Monday, September 14, 2009

Note To Self.......

In the future, do not turn out horses in the barnyard, no matter how elderly and feeble they may be!



Before I explain, let me just say that one of the reasons I love the horse world and horses so much is because you always have something to learn no matter how long you've had horses or been riding or teaching or managing a barn...... something always happens that you don't expect that keeps you from ever "arriving". It's great! Keeps you humble, and keeps you spontaneous.

Ok, now for the explanation - Our barn is entirely fenced in, with two smallish paddocks to the left and right of it; with immediate acess by gate into the barnyard. Our two larger fields are further off from the barn. We use the paddocks for quarantine for the thoroughbreds and other new horses; or for sacrifice areas when we're trying to grow grass in the pastures. Right now I have Major and Jazz in one, while the pasture is rested; and the two new TBs we brought down last week in the other. (One of those TBs is scheduled to go to another owner this week.) The other horses are turned out down in the big pasture along the creek.

So I have been turning Cisco, my re-rescued rescue I picked up a couple of weeks ago, into the barnyard at night. I am hesitant to turn him out with the younger, feistey, playful TBs. He is a little feeble with his arthritis, and just needs to take it easy, and gain weight. I shut all the stall doors, tack, feed, and bathroom doors and let him wander around, eat his hay, munch grass, and come and go as he pleases. So far, so good.

Until this morning.

Each of our paddocks and pastures has it's own hydrant for water. Each paddock has it's own water tank, also. There is also a hydrant in front of the barn. This morning, as I walked up to the barn entry, I saw the hydrant had been yanked up out of the ground and water was pouring out like a geyser, and there was a resulting lake and waterfall flowing down through Jazz and Major's paddock. They were standing there, staring at it.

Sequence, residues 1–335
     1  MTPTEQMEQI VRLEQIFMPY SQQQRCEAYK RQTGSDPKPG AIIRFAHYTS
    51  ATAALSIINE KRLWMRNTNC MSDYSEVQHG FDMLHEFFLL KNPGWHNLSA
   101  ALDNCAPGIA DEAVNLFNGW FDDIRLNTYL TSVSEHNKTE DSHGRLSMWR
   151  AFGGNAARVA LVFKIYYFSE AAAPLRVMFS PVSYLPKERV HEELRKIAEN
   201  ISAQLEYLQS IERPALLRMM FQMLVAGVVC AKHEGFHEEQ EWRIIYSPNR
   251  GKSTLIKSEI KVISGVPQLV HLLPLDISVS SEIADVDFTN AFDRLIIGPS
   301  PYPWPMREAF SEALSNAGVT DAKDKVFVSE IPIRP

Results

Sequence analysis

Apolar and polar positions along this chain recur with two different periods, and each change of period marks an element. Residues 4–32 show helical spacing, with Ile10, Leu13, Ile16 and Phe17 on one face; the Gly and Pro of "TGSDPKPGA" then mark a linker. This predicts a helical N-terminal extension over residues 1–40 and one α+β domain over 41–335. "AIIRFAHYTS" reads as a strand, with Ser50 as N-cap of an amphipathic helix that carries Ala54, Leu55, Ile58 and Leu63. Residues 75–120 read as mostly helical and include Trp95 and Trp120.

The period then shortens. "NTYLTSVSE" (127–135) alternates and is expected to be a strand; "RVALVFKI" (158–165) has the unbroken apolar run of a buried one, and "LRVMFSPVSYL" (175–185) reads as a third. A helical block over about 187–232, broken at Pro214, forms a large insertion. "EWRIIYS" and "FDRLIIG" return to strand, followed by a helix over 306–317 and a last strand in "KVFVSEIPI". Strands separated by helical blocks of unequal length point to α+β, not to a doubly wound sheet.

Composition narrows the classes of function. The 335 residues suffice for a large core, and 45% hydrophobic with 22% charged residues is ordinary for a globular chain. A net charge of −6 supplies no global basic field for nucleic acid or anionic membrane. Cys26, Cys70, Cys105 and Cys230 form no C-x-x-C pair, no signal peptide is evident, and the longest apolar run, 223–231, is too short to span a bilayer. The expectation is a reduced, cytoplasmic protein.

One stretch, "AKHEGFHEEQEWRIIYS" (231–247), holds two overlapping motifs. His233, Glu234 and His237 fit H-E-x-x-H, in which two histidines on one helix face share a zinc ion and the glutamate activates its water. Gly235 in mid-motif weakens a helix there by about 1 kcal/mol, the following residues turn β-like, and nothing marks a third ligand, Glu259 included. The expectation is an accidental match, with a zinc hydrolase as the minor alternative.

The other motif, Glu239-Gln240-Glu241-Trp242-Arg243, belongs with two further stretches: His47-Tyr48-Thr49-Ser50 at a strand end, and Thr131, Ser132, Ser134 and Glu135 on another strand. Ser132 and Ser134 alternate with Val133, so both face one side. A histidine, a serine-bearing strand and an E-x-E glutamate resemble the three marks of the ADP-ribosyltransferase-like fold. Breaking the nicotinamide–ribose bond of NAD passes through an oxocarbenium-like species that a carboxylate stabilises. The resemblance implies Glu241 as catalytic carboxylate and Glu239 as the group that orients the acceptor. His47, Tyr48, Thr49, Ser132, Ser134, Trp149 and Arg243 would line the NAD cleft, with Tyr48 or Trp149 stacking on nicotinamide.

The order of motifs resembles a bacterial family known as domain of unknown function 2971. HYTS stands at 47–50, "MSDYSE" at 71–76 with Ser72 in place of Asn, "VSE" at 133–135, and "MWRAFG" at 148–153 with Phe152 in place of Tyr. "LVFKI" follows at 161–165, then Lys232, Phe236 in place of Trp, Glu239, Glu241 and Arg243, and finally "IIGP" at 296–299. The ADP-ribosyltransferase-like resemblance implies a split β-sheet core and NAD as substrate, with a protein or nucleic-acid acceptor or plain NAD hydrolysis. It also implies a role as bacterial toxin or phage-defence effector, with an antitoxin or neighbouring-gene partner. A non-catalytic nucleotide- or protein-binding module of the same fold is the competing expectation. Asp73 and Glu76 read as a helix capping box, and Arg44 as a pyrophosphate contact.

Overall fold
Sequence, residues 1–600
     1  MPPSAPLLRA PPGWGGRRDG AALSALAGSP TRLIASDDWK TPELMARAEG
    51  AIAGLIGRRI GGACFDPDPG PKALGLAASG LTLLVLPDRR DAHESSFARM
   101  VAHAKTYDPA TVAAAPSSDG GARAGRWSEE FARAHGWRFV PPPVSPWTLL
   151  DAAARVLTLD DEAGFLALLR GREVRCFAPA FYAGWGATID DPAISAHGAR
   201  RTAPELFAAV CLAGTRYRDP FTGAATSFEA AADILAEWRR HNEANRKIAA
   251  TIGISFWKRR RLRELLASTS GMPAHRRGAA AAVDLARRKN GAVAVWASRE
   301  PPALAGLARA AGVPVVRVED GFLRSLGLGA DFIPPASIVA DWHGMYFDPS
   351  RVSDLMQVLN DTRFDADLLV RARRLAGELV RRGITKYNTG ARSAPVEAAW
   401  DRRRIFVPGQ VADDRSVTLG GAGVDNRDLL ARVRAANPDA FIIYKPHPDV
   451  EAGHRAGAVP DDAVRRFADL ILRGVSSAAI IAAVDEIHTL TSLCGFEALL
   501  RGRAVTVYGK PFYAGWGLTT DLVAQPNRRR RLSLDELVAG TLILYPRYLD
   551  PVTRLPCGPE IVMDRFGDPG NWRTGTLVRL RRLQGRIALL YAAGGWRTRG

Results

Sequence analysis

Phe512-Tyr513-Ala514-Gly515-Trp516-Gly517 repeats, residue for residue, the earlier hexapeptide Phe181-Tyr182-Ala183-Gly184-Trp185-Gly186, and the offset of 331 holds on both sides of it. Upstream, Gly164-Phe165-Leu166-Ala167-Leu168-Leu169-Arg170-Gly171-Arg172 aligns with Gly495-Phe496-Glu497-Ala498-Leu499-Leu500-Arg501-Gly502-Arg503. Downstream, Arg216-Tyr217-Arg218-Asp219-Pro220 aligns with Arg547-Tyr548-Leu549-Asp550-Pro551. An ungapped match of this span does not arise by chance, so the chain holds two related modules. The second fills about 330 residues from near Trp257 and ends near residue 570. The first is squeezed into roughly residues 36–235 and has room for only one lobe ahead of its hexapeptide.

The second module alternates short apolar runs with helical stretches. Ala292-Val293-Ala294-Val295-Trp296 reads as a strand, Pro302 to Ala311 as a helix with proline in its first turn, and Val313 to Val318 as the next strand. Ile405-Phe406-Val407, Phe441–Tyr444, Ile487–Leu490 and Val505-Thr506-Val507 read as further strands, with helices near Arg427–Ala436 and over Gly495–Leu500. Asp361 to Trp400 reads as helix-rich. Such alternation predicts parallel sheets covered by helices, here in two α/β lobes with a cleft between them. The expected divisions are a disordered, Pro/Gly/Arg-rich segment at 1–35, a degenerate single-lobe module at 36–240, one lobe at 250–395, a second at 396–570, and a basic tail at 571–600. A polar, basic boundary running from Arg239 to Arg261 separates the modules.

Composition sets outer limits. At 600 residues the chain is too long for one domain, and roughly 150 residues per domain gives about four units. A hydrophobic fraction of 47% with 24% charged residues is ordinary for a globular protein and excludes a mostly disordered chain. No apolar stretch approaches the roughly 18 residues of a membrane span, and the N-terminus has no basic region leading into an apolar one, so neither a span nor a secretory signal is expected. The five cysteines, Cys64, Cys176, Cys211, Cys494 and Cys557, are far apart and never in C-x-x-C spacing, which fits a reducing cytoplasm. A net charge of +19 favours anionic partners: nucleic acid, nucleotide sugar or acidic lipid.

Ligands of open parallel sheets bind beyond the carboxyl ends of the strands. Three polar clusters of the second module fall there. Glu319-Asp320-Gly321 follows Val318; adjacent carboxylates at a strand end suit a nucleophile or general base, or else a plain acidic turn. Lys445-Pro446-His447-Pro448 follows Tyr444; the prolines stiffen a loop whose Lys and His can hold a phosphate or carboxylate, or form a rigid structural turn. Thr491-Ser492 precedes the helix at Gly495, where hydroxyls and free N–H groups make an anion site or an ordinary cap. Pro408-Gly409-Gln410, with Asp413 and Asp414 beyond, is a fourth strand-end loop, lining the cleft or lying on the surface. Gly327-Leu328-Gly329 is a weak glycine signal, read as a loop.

I stopped. I looked at Cisco. Cisco looked at me. "What happened last night, Cisco?" (I don't know why, but I always have these one sided conversations with my horses.)

I imagined Cisco saying back to me: "Don't look at me, Mom. I didn't do it! Look at me, half crippled with arthritis. Do I look like I could do that?"

Cisco and I walked to the feed room, where he watches me fix his breakfast and dinner every day, and then I called Kevin; who rushed right over.

There is no way to deny, Cisco had to have done it. The hydarant was broken at the water main several feet underground. So we shut off the water and will have to get to fixing it later after we deal with baleing our hayfield today........

After concluding that Cisco had to have done it, of course we checked him over for cuts or whatever on his head. He must have gotten his halter stuck on it and yanked it out. Even though he is elderly, and slowed down from the arthritis, he has been gaining lots of weight and getting his strength back. And, he is a very big horse, being appendix QH; and 16 hands. I usually don't turn horses out wearing halters, as they tend to loose them, break them, and it can be dangerous. I just opened Cisco's stall last night before I left and didn't remove his halter. Geesh.

Yep, that's my "kids". Keeping me on my toes, and keeping me wondering what is going to happen next. Fun times!
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